But the committee doubts whether the expansion, coupled with the EU carbon trading scheme will deliver the expected results and says it could lead to heavier dependence on imported gas.
Lord Turner’s group is calling on the government to carry out a review of alternative arrangements to reduce investor risks and ensure delivery of investment in low carbon technologies. It says bluntly that new approaches will be needed to support investment in low carbon generation.
Investment in low carbon generation is risky in the current market the report acknowledges and suggests consideration should be given to strengthening carbon prices and providing more certainly on the price to be paid for low carbon generation.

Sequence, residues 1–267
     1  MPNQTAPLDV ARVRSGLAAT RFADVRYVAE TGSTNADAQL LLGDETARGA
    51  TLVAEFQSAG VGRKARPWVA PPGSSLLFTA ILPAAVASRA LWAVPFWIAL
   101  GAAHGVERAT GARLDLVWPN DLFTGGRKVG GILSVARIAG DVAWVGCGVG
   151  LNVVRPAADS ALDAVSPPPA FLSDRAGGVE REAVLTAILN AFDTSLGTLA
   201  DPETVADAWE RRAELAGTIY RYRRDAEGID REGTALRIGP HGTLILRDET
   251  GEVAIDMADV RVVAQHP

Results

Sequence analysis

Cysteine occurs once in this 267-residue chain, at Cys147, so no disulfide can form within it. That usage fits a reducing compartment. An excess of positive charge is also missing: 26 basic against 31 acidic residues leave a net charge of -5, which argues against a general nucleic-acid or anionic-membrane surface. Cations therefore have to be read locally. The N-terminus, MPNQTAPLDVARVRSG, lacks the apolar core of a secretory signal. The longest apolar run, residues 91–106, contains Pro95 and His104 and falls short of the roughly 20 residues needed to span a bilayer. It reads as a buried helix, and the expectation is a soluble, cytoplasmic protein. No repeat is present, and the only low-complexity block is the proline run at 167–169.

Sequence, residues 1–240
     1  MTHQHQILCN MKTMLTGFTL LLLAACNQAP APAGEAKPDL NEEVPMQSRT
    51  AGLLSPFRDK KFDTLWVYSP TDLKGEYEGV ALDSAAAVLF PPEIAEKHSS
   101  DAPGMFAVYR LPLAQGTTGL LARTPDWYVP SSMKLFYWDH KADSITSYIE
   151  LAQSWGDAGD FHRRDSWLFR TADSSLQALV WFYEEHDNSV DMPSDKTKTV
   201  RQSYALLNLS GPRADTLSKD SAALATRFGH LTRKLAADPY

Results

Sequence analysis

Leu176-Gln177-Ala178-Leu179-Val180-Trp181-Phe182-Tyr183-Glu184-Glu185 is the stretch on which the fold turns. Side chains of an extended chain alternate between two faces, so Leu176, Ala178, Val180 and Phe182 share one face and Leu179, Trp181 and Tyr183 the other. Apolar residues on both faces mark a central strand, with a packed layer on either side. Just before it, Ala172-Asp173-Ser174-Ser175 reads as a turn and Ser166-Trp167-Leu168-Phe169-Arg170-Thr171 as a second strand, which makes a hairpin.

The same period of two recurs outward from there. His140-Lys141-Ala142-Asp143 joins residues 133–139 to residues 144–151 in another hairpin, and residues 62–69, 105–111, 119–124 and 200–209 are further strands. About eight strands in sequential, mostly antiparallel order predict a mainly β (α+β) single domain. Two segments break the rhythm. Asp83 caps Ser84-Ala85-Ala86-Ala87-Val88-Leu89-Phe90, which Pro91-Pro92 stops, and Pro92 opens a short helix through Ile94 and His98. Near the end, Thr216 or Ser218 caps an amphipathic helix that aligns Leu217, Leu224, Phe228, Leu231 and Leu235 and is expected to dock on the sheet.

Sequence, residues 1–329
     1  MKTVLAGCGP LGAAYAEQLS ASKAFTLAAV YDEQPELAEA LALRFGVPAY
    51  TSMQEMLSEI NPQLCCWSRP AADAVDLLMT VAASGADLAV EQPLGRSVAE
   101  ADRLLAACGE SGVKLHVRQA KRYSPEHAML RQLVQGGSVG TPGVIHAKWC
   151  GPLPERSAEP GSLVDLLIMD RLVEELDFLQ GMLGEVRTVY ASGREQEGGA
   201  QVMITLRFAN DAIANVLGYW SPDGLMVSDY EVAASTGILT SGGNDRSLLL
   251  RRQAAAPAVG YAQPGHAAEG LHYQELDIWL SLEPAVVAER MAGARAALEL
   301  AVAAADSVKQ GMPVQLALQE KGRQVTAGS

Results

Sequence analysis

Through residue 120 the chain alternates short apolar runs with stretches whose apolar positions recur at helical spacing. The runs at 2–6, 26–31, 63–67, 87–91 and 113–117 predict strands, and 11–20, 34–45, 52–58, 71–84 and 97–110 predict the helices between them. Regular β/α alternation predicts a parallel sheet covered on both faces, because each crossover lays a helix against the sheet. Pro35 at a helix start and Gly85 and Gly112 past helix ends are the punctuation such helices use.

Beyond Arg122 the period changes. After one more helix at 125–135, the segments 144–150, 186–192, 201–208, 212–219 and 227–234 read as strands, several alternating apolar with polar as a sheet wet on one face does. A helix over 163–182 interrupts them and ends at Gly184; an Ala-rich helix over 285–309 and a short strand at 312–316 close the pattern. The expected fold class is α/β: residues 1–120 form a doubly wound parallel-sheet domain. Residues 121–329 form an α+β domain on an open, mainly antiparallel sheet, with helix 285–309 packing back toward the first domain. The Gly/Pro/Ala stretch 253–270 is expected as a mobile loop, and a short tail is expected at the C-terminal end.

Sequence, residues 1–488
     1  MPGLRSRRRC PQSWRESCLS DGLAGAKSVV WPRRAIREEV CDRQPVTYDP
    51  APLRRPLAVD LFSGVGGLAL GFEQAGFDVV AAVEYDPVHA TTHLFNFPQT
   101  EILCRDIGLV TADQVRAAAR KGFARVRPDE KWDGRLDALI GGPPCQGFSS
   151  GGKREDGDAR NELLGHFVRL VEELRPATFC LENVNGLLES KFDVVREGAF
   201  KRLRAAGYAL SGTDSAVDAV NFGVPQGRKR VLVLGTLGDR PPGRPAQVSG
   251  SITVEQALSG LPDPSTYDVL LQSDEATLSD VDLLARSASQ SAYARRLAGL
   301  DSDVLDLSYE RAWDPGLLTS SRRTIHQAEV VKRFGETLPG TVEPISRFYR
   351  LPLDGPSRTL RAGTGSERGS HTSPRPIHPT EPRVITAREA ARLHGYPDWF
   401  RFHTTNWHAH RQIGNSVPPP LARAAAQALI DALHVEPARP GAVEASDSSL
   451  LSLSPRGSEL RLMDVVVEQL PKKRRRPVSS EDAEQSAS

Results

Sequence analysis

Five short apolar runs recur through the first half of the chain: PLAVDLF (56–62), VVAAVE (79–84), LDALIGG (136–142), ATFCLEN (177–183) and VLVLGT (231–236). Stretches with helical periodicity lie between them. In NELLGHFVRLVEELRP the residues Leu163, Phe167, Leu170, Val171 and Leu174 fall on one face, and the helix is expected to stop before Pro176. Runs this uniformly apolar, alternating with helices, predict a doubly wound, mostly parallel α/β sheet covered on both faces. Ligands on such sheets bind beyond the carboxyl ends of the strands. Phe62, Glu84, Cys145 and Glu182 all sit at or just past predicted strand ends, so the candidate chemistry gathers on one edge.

Progress on carbon capture and storage demonstration plans is vital to assess whether the clean coal technology can make a viable contribution to reduce emissions the committee says in reinforcing its earlier recommendation that conventional coal generation has no role in power generation beyond the early 2020s.
The report says the combination of markets and carbon trading schemes is not best designed to deliver the reductions needed in electricity emissions.
Other policy changes may be needed to achieve another target, the committee feels. Improving energy efficiency in homes by 35pc by 2020 may need a shift from the existing strategy based on electricity companies meeting obligations through specific measures such as the supply of energy efficient light bulbs to a 'whole house’ approach.